Colleges could then get back to being colleges with true Scholar-athletes. Heck if a kid truly GAS about an education but didn’t have the HS grades to get in, he/she could go to a Prep school or JUCO to get the grades to enter a University.

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        • Macallanlover

          I understand the doubt, and who knows, it could be a total flop. I just don’t see them trying to put dozens of teams into small markets like MLB has done. Unlike you and 69, I see an “elite” league where there might be 8-10 teams nationally and scattered across regions of the country providing regional pride much like the conferences have. There aren’t enough athletes with elite ability to waste money on stocking more teams that that. Maybe 8 teams at 60 players each and a coaching staff’s salaries. The costs would be primarily offset by ticket sales and ad revenues from the NFL and ESPN channels, it could be a money maker.

          I could be way off but it is a test model that hasn’t been tested, it isn’t a competitor and the NFL has the money to do it right. Costs could be shared by the 32 teams, that would be insignificant with the cash they operate on. It could be inevitable because of all the changes that are coming to the NCAA method anyway, paying athletes is unaffordable for many schools and when you add the Title IX implications the feds are sure to hammer them with, there may not be another choice. Unlike you, if it is well done with limited teams playing on a Tuesday or Wednesday night, I would definitely watch. Now, if they played in competition with CFB time slots, I wouldn’t watch it live either.

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          • 69Dawg

            I agree with you that it only needs to be 8-10 teams. The point is that there would be enough potential owners out there willing to carry some of the burden. The teams could be regional with the players coming from multiple teams in the same region. In the south cities like Birmingham, Orlando Memphis and others would jump at it. In the old Southern Association the Crackers used to be a farm team but many of their players were hired locally to supplement the kids from the major league system. I remember Bob Montag being a local guy who was a good player but he never made it to the show. The Crackers changed from being one major league team’s farm club to another but the core Crackers stayed with them.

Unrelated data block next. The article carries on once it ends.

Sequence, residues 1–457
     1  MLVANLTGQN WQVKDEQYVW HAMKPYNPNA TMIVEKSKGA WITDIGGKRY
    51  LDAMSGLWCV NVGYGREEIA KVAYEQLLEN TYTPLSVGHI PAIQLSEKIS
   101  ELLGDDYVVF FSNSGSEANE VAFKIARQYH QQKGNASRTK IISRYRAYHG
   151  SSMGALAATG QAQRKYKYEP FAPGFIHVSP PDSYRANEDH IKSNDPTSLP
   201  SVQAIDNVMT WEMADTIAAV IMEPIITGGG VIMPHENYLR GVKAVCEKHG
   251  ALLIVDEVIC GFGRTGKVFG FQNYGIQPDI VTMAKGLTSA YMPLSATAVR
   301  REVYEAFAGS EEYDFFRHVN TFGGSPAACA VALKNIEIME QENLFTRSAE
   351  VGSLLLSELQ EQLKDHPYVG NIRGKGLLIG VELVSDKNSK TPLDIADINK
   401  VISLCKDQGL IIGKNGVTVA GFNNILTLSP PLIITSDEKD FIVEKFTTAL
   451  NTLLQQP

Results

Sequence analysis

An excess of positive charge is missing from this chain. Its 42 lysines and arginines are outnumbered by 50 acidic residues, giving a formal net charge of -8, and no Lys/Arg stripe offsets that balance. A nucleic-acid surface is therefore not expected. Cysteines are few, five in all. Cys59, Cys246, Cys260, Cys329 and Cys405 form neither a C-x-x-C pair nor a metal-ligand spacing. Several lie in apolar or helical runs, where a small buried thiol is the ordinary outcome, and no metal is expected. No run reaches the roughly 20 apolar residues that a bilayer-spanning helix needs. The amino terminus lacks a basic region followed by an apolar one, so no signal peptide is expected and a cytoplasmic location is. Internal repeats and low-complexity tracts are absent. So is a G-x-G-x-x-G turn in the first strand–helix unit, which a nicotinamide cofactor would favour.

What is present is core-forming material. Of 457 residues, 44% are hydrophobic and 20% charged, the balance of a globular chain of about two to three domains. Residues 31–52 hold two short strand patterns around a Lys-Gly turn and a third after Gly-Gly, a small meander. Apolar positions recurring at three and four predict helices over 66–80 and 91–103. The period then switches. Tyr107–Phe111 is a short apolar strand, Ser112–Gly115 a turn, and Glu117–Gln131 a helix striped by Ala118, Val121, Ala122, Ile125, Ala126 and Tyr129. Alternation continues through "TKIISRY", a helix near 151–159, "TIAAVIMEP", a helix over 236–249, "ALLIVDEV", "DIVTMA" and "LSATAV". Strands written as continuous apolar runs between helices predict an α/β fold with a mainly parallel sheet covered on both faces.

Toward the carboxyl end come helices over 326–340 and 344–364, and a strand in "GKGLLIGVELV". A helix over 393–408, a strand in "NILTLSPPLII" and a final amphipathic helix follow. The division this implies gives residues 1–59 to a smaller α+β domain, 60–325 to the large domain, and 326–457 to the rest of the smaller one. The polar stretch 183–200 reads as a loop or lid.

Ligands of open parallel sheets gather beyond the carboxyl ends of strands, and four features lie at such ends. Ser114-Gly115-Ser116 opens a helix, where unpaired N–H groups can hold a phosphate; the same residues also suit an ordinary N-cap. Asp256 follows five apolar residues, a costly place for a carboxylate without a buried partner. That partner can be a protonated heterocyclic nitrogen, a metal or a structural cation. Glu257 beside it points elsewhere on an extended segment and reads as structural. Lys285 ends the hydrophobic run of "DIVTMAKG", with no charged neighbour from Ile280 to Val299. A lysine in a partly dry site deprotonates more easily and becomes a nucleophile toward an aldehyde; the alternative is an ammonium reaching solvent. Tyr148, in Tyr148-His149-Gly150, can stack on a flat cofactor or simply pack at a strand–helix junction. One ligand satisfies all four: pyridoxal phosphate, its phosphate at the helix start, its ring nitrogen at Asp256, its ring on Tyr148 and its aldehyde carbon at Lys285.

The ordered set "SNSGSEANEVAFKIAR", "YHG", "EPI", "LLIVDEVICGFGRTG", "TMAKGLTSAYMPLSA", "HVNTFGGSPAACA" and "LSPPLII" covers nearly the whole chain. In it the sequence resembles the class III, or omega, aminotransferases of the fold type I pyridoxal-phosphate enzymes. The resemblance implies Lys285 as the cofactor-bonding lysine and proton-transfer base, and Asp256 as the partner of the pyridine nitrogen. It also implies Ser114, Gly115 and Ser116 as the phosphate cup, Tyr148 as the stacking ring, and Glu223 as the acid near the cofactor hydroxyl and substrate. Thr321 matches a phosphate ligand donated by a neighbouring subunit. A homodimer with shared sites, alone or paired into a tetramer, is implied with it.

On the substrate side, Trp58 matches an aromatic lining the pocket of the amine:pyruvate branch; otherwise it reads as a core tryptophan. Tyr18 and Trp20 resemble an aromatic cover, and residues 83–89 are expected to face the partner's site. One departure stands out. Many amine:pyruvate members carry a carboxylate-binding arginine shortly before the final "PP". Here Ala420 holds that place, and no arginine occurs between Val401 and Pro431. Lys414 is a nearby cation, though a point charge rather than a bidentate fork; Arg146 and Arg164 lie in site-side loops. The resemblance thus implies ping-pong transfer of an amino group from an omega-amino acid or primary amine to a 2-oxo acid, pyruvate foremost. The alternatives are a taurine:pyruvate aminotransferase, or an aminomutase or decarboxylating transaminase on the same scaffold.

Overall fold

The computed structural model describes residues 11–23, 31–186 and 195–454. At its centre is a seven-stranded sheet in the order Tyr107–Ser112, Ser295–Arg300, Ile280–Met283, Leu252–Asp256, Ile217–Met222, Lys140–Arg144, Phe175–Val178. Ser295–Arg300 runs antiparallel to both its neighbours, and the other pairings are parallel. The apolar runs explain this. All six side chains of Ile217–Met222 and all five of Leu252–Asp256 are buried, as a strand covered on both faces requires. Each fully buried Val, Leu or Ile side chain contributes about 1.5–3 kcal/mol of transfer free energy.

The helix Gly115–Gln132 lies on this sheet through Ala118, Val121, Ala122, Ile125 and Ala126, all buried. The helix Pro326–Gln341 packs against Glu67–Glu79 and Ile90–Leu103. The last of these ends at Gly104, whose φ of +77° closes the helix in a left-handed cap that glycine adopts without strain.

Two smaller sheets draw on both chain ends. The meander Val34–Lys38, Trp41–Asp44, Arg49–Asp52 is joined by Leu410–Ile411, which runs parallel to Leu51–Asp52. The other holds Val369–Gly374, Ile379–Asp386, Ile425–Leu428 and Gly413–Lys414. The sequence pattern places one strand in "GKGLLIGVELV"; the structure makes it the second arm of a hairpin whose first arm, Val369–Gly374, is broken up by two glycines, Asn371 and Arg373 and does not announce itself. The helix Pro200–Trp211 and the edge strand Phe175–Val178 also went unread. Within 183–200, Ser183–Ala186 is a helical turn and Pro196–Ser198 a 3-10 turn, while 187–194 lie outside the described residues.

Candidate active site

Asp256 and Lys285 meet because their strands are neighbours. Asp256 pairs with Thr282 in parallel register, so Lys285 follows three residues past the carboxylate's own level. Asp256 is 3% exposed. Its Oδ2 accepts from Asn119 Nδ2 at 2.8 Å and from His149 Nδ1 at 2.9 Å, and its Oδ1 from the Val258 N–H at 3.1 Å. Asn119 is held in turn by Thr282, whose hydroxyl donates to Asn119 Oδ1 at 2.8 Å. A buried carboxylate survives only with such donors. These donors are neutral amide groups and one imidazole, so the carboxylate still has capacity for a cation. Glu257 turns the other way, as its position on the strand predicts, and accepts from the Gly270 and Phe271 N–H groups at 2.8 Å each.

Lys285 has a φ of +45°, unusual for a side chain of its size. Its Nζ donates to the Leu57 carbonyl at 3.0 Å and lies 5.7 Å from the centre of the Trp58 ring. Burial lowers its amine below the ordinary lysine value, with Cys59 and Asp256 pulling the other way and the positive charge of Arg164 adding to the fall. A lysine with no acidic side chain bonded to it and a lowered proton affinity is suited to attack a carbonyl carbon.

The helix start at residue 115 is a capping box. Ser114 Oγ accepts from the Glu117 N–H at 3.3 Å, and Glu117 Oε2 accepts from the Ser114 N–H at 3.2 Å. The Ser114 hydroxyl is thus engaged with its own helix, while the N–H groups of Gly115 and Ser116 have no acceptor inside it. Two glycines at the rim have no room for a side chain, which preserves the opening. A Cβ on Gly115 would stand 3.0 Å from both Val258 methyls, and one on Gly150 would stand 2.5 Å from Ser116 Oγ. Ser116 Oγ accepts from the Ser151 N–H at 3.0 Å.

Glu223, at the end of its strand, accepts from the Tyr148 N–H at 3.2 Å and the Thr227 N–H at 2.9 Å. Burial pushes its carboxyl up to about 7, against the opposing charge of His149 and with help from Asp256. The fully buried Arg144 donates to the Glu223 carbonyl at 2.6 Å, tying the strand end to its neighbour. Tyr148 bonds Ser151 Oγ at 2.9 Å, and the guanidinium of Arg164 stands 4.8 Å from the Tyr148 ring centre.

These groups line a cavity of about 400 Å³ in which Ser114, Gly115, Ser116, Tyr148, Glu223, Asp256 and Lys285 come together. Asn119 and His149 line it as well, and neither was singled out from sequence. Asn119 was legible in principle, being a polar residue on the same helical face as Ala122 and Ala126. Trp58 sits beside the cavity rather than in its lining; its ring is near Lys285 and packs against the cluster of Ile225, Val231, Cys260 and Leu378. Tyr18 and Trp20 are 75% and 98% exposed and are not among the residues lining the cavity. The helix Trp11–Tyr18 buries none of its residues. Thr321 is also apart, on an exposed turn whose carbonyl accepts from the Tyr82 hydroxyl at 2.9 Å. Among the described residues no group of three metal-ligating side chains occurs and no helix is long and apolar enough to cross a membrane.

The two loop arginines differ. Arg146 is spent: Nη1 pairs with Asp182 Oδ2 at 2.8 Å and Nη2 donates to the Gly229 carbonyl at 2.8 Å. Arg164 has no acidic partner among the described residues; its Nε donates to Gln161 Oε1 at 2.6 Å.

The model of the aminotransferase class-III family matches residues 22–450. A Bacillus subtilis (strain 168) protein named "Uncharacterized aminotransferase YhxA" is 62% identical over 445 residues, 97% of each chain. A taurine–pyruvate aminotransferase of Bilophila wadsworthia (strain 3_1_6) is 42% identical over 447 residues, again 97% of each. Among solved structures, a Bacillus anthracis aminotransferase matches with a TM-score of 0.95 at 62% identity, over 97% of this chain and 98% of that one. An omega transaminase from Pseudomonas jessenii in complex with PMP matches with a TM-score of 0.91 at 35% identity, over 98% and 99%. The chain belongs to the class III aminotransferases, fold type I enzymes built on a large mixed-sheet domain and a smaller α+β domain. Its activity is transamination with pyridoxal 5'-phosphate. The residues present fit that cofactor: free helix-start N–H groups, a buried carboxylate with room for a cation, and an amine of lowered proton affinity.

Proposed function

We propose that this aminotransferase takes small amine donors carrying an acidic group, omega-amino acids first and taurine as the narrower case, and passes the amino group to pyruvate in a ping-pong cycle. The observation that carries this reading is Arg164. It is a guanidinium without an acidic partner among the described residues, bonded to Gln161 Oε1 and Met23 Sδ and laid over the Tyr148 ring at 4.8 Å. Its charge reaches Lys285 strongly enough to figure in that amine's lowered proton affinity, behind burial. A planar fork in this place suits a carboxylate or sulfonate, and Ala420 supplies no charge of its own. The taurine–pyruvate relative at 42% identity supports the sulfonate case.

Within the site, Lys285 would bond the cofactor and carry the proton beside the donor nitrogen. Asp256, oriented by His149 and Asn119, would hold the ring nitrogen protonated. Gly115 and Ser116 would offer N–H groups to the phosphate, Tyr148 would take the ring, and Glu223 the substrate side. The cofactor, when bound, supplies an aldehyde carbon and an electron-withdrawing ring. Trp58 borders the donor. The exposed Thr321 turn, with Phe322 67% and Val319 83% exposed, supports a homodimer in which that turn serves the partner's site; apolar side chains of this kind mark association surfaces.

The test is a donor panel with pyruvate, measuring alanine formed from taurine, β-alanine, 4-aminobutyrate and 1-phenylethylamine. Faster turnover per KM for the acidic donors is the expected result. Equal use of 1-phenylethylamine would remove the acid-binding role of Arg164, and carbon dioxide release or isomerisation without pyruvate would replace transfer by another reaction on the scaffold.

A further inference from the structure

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  2. Cojones

    Cheaters would just start early in a kid’s career. They would adjust grades beginning in the 9th grade, tutor kids before natl exams by getting quiz answers by hook or more crook, use computers to hack in and change scores, grades, etc and continue to subsidize his education illegally that would benefit the industry….uuh..sport.

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    • Cojones

      Forgot: change their birth certificates just as they have in some Little Leagues so that they still have 3 yrs eligibility after Freshman holdout.

      No one would catch on until guys began having prostate problems that will have required pee breaks twice per qtr – in college.

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  3. GaskillDawg

    HVL, I would be fine with the Ivy League model. I would still pay to the Hartman Fund and still buy tickets, but would enjoy not being told that the coin toss is made possible by the nice folks at SunTrust Bank.

    However, Morgan Burke does not want to retreat to those days because he likes cashing the paychecks in amounts made possible by ESPN and the Big 10 Network. His righteous statement that, “I, for one ,as a Big Ten AD, am tired of being used as a minor league for professional sports,” overlooks the fact that by providing school night basketball games to ESPN and the Big Ten Network he is not tired of being programming for television networks. As I have said before, the best first step for these ADs and commissioners is to eliminate sending students hundreds of miles, missing a day or two of class, to play games for the WWL.